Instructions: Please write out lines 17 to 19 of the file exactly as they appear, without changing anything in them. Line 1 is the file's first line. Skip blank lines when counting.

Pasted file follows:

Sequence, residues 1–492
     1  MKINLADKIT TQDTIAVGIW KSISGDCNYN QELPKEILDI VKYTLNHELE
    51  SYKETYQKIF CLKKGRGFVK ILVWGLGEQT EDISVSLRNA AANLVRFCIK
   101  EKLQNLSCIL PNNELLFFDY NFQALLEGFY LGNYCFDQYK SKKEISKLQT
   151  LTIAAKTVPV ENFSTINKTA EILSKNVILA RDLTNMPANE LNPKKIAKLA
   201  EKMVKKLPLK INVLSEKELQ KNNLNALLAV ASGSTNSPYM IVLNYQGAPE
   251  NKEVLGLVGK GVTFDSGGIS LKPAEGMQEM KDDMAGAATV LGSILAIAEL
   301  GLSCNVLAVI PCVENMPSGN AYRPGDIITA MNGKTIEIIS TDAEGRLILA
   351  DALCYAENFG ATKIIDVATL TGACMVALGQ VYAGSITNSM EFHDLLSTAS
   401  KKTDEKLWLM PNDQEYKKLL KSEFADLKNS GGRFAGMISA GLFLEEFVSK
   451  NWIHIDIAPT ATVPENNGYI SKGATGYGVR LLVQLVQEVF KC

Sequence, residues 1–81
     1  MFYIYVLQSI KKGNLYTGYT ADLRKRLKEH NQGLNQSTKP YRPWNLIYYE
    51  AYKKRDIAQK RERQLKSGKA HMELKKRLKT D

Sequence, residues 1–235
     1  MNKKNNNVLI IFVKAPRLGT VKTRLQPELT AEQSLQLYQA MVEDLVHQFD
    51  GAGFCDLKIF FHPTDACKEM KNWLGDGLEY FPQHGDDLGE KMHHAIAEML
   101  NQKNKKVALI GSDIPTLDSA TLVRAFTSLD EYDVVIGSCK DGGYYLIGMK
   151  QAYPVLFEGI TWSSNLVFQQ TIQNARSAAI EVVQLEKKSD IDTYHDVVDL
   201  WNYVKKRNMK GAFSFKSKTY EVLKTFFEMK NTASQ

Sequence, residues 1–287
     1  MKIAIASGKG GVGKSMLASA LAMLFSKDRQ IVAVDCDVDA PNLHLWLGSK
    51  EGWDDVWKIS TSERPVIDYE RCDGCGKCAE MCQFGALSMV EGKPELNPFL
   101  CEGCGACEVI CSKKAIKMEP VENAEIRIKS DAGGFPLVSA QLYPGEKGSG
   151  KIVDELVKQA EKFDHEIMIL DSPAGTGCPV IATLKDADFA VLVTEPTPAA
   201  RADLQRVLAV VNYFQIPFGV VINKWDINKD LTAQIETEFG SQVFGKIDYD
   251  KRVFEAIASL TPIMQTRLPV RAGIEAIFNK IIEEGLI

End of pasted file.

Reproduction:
    51  GAGFCDLKIF FHPTDACKEM KNWLGDGLEY FPQHGDDLGE KMHHAIAEML
   101  NQKNKKVALI GSDIPTLDSA TLVRAFTSLD EYDVVIGSCK DGGYYLIGMK
   151  QAYPVLFEGI TWSSNLVFQQ TIQNARSAAI EVVQLEKKSD IDTYHDVVDL